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One of the many great things about Hong Kong is the variety of homes and lifestyles that are available here for residents and new comers to choose from.
Going back to the pre Qing Dynasty days, most of Hong Kong was occupied by fisherman who set up small villages for their families seeking out a living by fishing the china seas. Once the Qing Dynasty was defeated in the opium wars, and Hong Kong became a British colony, much building went on in both Kowloon side and Hong Kong Island to create this thriving and busy commercial and trading port city around the edges of Victoria Harbour.
Under British rule, the colonial workers engineered the waterways and road systems, and colonial era buildings both commercial and residential were built along the waterfronts and up into the hills. Rows of shops with living quarters above popped up and sprawling mansions were erected for the elite foreigners to escape some of Hong Kongs hot and humid weather. Some of these were lost when the Japanese invaded but the biggest threat to the colonial buildings came during the 1970’s and 80’s. This was the time big property development came into play and many of these buildings and homes were torn down and replaced with the massive sky scrapers and high rise residential developments that have reshaped Hong Kong into this powerhouse dynamic city sparkling around one of the worlds most admired harbours, and that we know it as today.
Fortunately for Hong Kong, there was a wave of criticism that Hong Kong was ripping down it’s heritage. People like David Tang stepped in to embrace the era of colonialism with his famous Shanghai Tang store on Peddar Street and the opening of the globally famous and still much loved China Club. Budding architects, city designers, private citizens and philanthropists stepped in to save what is left of the colonial days buildings and houses which are now protected and cherished. Small pockets of apartment buildings exist in some of the inner suburbs, and a handful were saved on the Peak areas.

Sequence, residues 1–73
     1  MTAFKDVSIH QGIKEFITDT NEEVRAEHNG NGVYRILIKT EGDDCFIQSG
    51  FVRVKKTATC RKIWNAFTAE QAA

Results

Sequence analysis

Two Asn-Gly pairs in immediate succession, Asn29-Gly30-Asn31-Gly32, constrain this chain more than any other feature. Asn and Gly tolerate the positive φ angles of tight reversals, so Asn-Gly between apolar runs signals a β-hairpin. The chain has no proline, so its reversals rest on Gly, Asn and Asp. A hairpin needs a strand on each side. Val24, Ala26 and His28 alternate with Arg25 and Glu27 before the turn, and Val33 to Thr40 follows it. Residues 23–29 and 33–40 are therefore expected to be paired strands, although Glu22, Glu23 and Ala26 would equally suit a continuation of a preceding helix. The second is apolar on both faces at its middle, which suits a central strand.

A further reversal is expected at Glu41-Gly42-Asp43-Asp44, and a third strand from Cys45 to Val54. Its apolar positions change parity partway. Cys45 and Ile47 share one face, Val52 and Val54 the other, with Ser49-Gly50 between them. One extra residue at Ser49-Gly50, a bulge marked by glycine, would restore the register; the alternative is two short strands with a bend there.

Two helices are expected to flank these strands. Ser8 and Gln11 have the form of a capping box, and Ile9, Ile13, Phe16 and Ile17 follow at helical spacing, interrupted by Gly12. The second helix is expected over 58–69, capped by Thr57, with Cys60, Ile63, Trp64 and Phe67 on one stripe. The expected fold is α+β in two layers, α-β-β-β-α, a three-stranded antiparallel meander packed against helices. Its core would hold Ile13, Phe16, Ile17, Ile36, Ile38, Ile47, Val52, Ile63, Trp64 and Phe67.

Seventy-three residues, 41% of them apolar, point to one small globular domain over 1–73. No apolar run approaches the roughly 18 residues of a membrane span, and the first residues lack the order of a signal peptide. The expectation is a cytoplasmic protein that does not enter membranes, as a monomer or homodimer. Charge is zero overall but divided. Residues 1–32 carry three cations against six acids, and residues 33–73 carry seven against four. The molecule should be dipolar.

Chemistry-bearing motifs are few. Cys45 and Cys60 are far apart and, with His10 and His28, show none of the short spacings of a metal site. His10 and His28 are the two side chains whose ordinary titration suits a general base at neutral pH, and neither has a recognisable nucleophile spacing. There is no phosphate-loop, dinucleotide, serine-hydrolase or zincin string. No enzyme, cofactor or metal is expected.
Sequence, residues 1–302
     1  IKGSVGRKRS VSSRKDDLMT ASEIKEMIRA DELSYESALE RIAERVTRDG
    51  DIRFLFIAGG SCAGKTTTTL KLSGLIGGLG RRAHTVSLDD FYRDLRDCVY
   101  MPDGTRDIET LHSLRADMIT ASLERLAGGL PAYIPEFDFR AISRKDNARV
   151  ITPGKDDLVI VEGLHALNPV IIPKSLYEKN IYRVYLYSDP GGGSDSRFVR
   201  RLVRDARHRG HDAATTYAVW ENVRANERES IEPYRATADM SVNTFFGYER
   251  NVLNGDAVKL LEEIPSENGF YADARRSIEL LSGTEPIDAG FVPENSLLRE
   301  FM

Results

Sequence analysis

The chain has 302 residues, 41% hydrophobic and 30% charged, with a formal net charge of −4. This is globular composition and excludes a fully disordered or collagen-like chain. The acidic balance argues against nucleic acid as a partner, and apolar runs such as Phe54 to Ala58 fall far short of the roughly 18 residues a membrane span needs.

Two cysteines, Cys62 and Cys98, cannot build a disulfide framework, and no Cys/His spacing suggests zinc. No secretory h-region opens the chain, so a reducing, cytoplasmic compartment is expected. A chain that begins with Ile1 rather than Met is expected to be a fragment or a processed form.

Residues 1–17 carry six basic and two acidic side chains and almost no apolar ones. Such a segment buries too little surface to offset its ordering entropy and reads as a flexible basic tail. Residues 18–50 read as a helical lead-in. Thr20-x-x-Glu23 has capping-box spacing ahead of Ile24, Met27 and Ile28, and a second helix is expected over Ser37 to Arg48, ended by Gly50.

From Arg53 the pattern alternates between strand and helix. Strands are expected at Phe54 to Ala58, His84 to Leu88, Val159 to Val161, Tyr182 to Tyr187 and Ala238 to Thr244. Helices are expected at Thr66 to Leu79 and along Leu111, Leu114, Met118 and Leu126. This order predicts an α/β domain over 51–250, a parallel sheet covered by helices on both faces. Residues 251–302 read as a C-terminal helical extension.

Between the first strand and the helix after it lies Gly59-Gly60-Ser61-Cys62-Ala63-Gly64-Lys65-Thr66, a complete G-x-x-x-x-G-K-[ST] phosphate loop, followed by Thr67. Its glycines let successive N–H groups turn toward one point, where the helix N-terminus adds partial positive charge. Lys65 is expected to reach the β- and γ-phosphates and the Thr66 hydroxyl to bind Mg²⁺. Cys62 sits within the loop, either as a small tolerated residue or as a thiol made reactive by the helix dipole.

All of this building and ripping down and re-building has given Hong Kong residents a wide choice of the type of home they wish to live in.
Hong Kong is apartment city. Being some of the most expensive real estate in the world, smaller land parcels of mega high value are proportioned upwards by developers to get maximum returns on the space. This can create a building with several one bedroom apartments on each floor and 40 odd stories high. In some of the outer city complex’s there can be 2 or 50 buildings such as these in the one development, with multi shared resort style facilities.
Things to consider are : This is Hong Kong. Hong Kong is unlike any other city in the world. It is a magnate for young workers who get reasonable salaries who enjoy social activities most nights. Few people entertain in their homes, and therefore a nod at a kitchen is considered highly respectful. Young ex pats tend to eat out most nights or get food delivered. Yes you can have a swimming pool and gym on site. Chances are you will never need a car so that is a massive saving on purchase, running and insurance right there and, the MTR, buses and taxis are very reasonable.
To get your head around everything you thought you might need to what you will actually need is simply a lifestyle adjustment. The big decision always comes down to price. And when prices are some of the world’s highest, you realize that small can actually be good and a bit more affordable. A single person realises that one bedroom is more than enough and family and visitors can either take the couch or stay at a hotel down the road. Two bedrooms or more is quite a luxury in the inner city suburbs.